career coach, korn ferry advance
This Week in Leadership (June 7 - June 13)
Are in-office or remote employees more productive? Plus, how to deal with a toxic boss.
Sometimes it’s called being “in the zone.” Or a “flow state.” But by any name, career experts say this mental state of operation is the latest buzzword and mental tool to emerge after a year of the COVID-19 pandemic.
According to positive psychology, a flow state is when you are performing a task completely immersed and with fully energized focus. It helps people complete difficult projects and reduces work-related stress, something that 83% of the US workforce say they suffer. “In flow, time is forgotten, new discoveries are made, you push beyond your perceived capabilities, and a calm confidence emerges as you feel you can conquer hard things,” says Nancy Von Horn, a career coach at Korn Ferry Advance. We found seven ways to try to achieve it.
Find your passion.
Passion is to flow what coffee is to your mornings. Experts say it’s hard to find flow where there is no passion or some level of interest in your work. “You don’t get into the flow—flow gets into you,” says Sean Carney, a Korn Ferry Advance career coach. When you engage in activities that you’re interested in and bring you joy, flow will find its way to you, he says.
Putting yourself in situations you can benefit from and experimenting with various roles until you stumble upon one that excites you is the way to go, says Tom McMullen, a senior client partner at Korn Ferry and leader of the firm’s North American Total Rewards expertise group.
Prep your physical space.
Setting up your work environment is one of the easiest ways to bring yourself one step closer to flow. For instance, a place full of distractions, clutter, and noise can hinder you from getting in the zone, says Carney. Trying to multitask, going on social media, and any interruptions hinder you from establishing flow, he says. So find a quiet place or use noise-canceling headphones, clean out your workspace, and put away your smartphone, says Von Horn. “Eliminate all distractions, or your concentration will be interrupted,” she says.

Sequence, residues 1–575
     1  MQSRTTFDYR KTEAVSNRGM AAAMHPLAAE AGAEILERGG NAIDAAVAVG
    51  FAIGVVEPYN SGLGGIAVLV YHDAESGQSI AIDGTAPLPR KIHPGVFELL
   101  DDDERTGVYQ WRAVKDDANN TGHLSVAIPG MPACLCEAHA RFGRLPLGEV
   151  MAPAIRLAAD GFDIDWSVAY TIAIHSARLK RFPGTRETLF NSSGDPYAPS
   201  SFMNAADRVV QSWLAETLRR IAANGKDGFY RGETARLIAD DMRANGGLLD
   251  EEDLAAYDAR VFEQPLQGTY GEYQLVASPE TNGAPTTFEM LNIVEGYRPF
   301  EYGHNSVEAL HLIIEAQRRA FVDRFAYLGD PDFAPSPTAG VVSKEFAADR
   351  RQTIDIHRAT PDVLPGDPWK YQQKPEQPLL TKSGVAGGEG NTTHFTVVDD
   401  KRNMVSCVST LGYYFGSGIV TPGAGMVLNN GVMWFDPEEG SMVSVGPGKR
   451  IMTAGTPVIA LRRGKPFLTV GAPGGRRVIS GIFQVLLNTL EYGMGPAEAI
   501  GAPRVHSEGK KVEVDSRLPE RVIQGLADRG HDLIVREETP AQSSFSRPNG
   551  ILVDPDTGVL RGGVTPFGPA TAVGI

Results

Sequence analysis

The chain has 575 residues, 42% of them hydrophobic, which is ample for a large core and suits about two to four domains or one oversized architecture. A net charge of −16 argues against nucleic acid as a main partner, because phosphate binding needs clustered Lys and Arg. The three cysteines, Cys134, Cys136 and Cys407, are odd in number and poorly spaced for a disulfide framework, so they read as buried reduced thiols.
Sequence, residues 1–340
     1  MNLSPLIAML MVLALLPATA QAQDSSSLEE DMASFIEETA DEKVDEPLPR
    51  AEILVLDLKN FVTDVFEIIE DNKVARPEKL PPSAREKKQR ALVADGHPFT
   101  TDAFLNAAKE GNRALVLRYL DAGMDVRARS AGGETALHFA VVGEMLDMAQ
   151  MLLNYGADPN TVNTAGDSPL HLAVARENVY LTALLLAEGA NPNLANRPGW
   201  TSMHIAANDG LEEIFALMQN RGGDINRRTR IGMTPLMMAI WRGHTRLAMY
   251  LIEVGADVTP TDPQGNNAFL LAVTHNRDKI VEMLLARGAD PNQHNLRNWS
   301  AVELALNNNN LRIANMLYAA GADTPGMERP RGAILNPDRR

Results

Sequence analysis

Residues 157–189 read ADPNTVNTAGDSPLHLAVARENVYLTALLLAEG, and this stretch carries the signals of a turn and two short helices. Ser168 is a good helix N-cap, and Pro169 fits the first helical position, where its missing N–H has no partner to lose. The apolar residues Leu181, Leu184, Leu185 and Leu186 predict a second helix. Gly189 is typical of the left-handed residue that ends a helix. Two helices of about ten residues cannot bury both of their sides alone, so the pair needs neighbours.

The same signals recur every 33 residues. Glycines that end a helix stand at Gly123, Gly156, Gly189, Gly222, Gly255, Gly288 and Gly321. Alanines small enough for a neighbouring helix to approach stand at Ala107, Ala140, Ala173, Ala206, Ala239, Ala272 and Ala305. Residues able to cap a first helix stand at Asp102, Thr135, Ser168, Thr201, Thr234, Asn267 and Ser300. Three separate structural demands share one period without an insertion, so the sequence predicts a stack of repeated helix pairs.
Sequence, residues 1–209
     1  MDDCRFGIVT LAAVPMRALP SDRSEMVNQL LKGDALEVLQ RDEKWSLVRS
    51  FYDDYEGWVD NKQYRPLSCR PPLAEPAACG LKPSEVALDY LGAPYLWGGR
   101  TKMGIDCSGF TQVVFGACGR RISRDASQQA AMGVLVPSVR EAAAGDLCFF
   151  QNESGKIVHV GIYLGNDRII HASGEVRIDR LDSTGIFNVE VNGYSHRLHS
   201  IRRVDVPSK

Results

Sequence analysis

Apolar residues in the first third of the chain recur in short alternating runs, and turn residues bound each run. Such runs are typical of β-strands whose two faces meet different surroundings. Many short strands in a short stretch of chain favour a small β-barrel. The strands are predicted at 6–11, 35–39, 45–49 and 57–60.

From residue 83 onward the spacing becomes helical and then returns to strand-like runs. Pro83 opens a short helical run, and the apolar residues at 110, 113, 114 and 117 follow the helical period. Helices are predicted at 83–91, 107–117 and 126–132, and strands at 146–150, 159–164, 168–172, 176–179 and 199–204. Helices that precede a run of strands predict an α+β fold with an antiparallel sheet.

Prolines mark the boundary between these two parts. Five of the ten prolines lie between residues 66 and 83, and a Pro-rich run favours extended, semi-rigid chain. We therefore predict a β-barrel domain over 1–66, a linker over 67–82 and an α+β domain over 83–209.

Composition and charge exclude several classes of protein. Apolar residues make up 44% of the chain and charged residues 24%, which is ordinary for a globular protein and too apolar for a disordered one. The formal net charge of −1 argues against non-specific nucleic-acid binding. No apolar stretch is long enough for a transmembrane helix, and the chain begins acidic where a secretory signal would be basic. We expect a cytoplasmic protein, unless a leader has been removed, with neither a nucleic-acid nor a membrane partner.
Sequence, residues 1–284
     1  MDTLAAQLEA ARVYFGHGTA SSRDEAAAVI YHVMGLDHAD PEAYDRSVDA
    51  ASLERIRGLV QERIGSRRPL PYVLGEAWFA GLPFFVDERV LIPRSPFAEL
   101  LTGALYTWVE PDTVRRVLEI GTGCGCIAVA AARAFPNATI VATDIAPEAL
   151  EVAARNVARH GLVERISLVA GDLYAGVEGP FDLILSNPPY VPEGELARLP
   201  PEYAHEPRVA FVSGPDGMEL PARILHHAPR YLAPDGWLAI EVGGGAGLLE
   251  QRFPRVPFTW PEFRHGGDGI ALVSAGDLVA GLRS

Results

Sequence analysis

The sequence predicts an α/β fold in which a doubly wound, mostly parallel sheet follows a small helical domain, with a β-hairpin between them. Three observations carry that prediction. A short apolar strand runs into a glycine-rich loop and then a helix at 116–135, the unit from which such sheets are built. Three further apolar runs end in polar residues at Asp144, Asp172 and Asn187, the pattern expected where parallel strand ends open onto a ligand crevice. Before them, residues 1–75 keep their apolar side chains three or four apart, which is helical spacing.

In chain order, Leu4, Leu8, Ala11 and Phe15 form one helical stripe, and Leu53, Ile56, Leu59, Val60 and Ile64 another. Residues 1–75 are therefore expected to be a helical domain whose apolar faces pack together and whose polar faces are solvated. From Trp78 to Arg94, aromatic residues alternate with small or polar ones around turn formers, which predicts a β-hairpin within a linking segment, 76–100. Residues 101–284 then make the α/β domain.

Clear your mind.
While finding flow, your mental space is just as important as your physical surroundings. People usually have mental “jams” when there’s too much going on, says Deborah Brown, a managing principal at Korn Ferry. Try not to overwhelm yourself by taking on too many projects at once, multitasking, or overcommitting to people, she says. Brown also says it’s important to practice self-care or listen to calming podcasts or music, because flow doesn’t materialize when you’re burnt out, anxious, exhausted, or hungry.
Endorphins are directly correlated to flow. It is necessary to take care of your physical health and keep your body moving. “Our physical health can prime us for flow,” says Carney. Incorporating some form of exercise, in addition to resting and eating well, will keep you active and increase your likelihood of finding flow, he says. If you’re feeling sluggish and restless, going for a quick run or walk, doing some jumping jacks, or stretching into a few yoga poses can tremendously help in increasing your focus and energy, says Von Horn.
Try “time blocking.”
Flow cannot be found in small pockets of time during the day. You can’t achieve flow in 10 minutes between your Zoom meetings, says Von Horn—you need to chalk out at least 30 minutes to an hour depending on your goals and projects. Hence, planning ahead and blocking out a few hours every day or a few days a week is a good start. Von Horn says to try the Pomodoro technique or set a 20-minute timer to focus only on one task.
Set clear, challenging, and attainable goals. You need some tension or stretch goals to achieve flow—not something too easy monotonous, says Von Horn. For his part, McMullen says to keep pushing yourself and beware of getting into a state of passiveness. For instance, the best athletes are always raising the bar, he says. “LeBron James has won several NBA championships, but for whatever reason, he’s still not satisfied, and he’s always pushing himself, his teammates, and his coaches to do better.”
We’ve all heard the phrase “All work and no play makes Jack a dull boy.” The same applies to flow. Integrate non-work-related activities that you enjoy into your day, as they will lift your spirits and put you in a positive headspace that is conducive to flow, says Val Olson, a career coach at Korn Ferry Advance. The activities can be anything, from watching funny videos to playing with your pet to listening to music, she says.